A tale of two lectures
This coming weekend, the University of Cape Town (UCT) will host Hamza Tzortzis, a highly controversial lecturer who propagates a radical version of Islam.
His visit to the campus follows hot on the heels of an executive decision to bar Danish journalist Flemming Rose from delivering the 2016 TB Davie Memorial Lecture on academic freedom.
Tzortzis is due to teach a course on “Dawah Power” at the university’s P.D. Hahn Building.
UCT’s move to ban Rose but accommodate Tzortzis reveals, along with double standards, something of the current executive’s ethos, values and priorities.
Tzortzis is a regular speaker on the university circuit in Britain. Last year, he was identified by former Prime Minister David Cameron’s Extremism Analysis Unit as one of several speakers who had promoted on various campuses rhetoric that undermined the values of “democracy, the rule of law, individual liberty and mutual respect and tolerance of those with different faiths and beliefs”.
Tzortzis has allegedly called for the establishment of a caliphate and been linked to extremist organisations.He seems to regard homosexuality as a crime, having written about it in the same breath as cannibalism and paedophilia. He is especially notorious for his views on free speech, having said “we as Muslims reject the idea of freedom of speech, and even the idea of freedom.” However, his website states that this quote was ”taken out of context”, and that “the opinions of Hamza have changed” since he expressed them.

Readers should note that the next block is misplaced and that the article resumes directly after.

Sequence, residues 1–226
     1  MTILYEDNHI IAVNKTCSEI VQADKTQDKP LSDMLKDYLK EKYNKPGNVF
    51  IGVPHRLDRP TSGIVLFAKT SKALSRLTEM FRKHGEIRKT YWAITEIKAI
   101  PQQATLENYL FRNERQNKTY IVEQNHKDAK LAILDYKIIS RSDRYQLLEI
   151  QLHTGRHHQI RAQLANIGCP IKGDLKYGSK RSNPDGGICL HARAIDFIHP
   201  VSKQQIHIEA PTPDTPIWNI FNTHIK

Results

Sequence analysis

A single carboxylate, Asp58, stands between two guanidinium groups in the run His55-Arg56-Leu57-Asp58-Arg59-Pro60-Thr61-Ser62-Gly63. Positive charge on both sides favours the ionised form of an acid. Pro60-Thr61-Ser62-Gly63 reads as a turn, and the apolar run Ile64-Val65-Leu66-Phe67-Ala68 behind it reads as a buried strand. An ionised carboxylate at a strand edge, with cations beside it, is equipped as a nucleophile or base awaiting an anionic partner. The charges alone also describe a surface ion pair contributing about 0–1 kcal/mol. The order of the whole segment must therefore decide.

Of course, there is no neat equivalence between (what would have been) Rose’s presence on campus and that of Tzortzis. Rose would have delivered an officially sanctioned lecture at the invitation of the Academic Freedom Committee. Tzortzis, on the other hand, will come to UCT in an unofficial capacity, not at the university’s behest.